One of the possibilities is to analyse languages in context by focusing on the written information that is available on language signs in a specific area. This perspective is known as the study of the linguistic landscape, which has been defined as follows:
The language of public road signs, advertising billboards, street names, place names, commercial shop signs, and public signs on government buildings combines to form the linguistic landscape of a given territory, region, or urban agglomeration. The linguistic landscape of a territory can serve two basic functions: an informational function and a symbolic function. (Landry & Bourhis, 1997: 25)
But, how might language learners benefit from studying (in) the linguistic landscape?
The use of the linguistic landscape as a pedagogical resource within multilingual educational contexts is an area of increasing interest in sociolinguistic research. The study of publicly displayed texts, such as advertisements and road signs, is now beginning to find favour in L2 classrooms, particularly in English as Second Language (ESL) contexts.
As an example of EFL classroom project related to the Linguistic Landscape I would like to mention the “English Literacy Walk”.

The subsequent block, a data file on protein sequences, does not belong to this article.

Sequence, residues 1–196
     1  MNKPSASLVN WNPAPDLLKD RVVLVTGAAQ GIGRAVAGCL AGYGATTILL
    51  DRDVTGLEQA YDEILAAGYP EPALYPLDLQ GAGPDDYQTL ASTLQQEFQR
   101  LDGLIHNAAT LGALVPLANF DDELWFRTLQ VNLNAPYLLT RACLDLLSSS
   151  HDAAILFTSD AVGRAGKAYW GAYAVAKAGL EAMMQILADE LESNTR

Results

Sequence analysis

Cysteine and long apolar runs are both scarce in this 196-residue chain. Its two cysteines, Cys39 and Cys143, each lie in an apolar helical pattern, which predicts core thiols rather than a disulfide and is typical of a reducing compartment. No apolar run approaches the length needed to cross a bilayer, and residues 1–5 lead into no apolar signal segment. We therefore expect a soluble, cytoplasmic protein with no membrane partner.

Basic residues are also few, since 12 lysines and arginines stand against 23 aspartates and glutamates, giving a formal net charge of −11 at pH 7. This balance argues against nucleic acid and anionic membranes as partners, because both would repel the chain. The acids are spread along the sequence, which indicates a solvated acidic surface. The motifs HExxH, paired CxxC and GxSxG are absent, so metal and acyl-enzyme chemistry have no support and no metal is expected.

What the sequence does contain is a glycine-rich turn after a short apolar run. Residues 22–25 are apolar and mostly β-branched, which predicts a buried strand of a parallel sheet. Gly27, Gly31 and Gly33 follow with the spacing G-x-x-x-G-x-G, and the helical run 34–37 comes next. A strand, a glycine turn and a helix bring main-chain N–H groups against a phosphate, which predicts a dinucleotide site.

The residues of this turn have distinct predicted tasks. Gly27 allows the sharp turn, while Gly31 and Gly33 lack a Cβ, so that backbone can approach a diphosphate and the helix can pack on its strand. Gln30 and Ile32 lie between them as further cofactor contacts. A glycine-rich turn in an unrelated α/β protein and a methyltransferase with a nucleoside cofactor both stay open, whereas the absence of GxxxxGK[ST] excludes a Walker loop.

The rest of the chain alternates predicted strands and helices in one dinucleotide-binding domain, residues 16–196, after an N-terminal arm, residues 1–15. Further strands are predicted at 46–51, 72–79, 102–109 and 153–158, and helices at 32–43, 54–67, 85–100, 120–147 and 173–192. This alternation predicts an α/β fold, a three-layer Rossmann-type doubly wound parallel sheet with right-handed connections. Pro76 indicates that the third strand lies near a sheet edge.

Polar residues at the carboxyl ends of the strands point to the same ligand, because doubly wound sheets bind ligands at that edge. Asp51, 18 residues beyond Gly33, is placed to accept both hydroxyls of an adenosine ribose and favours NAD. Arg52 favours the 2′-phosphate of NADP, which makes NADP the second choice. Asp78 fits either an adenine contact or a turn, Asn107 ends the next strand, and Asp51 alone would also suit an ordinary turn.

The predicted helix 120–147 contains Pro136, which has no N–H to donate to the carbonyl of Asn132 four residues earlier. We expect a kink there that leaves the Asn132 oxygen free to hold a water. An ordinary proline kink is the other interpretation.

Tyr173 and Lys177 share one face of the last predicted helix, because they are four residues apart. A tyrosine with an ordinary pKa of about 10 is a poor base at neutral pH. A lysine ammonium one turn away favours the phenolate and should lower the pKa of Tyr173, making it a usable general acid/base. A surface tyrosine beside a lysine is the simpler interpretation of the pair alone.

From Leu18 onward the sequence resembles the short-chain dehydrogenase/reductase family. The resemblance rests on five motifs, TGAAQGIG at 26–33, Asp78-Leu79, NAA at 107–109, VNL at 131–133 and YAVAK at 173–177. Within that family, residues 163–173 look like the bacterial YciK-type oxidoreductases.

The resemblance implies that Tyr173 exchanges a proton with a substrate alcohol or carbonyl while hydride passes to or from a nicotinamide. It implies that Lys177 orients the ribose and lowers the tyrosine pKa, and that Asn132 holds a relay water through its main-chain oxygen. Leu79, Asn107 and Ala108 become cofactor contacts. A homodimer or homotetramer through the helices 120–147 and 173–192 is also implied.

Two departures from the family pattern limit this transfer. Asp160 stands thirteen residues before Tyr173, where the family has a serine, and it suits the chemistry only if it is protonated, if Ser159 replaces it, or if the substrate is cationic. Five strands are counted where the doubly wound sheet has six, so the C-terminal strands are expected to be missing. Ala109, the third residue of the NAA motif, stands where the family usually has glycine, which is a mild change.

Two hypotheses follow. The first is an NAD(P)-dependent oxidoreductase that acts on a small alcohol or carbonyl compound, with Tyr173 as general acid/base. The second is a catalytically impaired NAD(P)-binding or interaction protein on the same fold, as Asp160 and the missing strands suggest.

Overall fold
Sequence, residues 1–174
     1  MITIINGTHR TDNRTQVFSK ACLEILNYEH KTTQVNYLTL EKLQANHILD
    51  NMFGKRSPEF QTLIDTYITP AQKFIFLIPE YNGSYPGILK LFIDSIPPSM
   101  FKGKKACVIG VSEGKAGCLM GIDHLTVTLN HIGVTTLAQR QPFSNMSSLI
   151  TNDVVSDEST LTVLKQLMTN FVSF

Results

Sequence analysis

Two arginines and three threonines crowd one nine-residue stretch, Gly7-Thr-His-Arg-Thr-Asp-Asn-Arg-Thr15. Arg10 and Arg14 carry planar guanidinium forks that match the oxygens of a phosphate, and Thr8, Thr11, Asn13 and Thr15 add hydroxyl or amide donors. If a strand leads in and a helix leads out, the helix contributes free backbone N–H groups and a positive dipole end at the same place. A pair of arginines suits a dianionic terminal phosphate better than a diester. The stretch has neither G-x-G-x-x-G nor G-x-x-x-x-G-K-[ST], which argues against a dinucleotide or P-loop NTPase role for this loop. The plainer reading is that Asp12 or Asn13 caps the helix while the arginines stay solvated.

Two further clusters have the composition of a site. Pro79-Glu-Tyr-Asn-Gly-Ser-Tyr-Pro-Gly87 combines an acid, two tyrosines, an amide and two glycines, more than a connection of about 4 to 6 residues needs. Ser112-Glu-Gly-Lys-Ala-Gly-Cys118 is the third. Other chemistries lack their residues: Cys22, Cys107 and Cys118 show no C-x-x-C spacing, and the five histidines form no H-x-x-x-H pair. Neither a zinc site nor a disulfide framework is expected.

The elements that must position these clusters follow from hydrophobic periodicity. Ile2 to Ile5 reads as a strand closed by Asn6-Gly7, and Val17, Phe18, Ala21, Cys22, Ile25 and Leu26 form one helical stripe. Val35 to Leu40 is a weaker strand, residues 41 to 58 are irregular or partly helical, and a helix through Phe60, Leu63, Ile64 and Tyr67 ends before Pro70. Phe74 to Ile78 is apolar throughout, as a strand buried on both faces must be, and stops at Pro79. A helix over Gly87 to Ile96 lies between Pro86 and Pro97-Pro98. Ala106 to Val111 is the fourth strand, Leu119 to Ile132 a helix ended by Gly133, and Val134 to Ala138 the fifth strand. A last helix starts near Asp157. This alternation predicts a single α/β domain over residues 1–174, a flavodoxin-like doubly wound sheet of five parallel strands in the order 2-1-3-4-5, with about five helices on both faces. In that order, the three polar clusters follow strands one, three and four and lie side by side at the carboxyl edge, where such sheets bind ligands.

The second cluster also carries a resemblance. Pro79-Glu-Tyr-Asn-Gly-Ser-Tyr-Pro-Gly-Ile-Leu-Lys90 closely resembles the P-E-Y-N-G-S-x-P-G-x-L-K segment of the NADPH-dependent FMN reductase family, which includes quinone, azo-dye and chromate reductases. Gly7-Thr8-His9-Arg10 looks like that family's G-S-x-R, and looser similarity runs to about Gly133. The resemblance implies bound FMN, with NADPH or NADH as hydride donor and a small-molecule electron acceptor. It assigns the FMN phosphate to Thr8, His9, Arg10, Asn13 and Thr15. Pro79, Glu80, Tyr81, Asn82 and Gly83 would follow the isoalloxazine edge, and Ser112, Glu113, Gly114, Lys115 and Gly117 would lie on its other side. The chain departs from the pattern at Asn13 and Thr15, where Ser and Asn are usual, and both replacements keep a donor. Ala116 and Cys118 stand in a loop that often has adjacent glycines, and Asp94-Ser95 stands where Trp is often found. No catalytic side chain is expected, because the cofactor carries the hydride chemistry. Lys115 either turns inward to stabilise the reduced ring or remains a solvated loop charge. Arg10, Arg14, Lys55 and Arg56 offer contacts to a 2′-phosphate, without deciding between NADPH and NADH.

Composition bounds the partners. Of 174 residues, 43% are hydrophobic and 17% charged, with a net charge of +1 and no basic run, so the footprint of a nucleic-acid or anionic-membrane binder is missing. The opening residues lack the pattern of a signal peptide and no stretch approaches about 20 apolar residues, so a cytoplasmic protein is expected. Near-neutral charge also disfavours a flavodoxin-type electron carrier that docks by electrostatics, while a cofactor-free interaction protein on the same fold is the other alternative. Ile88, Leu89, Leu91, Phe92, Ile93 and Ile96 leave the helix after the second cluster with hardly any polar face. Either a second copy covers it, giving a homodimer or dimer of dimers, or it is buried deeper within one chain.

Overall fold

This is an excursion taken for the express purpose of teaching and learning about written English: The students are required to collect and analyse photographs of English used on signs in our streets.
It has roots in activities developed for emergent readers and English language learners in English dominant societies: ‘walking field trips’ and ‘environmental print walks’. These activities were created to encourage the emergent literacy of children, speciﬁcally the capacity to recognize environmental print long before entry into school and formal literacy instruction.
The activities typically required students to read signs, billboards, and so forth while teachers took photographs for follow-up work in the classroom. Pedagogical linguistic landscape projects can be valuable to EFL students in a variety of ways, particularly in the development of students’ symbolic competence and literacy skills in a multiliteracies sense.
To learn more about the Linguistic Landscape and how does it affect to minority Languages, I suggest you to read this paper / research done by Jasone Cenoz, University of the Basque Country, Donostia_San Sebastian, Spain and Durk Gorter, Fryske Akademy/Universiteit van Amsterdam, Amsterdam,The Netherlands.
- The linguistic landscape as an additional source of input in second language acquisition. Jasone Cenoz / Durk Gorter
- Linguistic Landscape and Ethnolinguistic Vitality. An Empirical Study. Rodrigue Landry and Richard Y. Bourhis
- Scott Thornbury blog: http://scottthornbury.wordpress.com/2012/03/11/l-is-for-linguistic-landscape-2/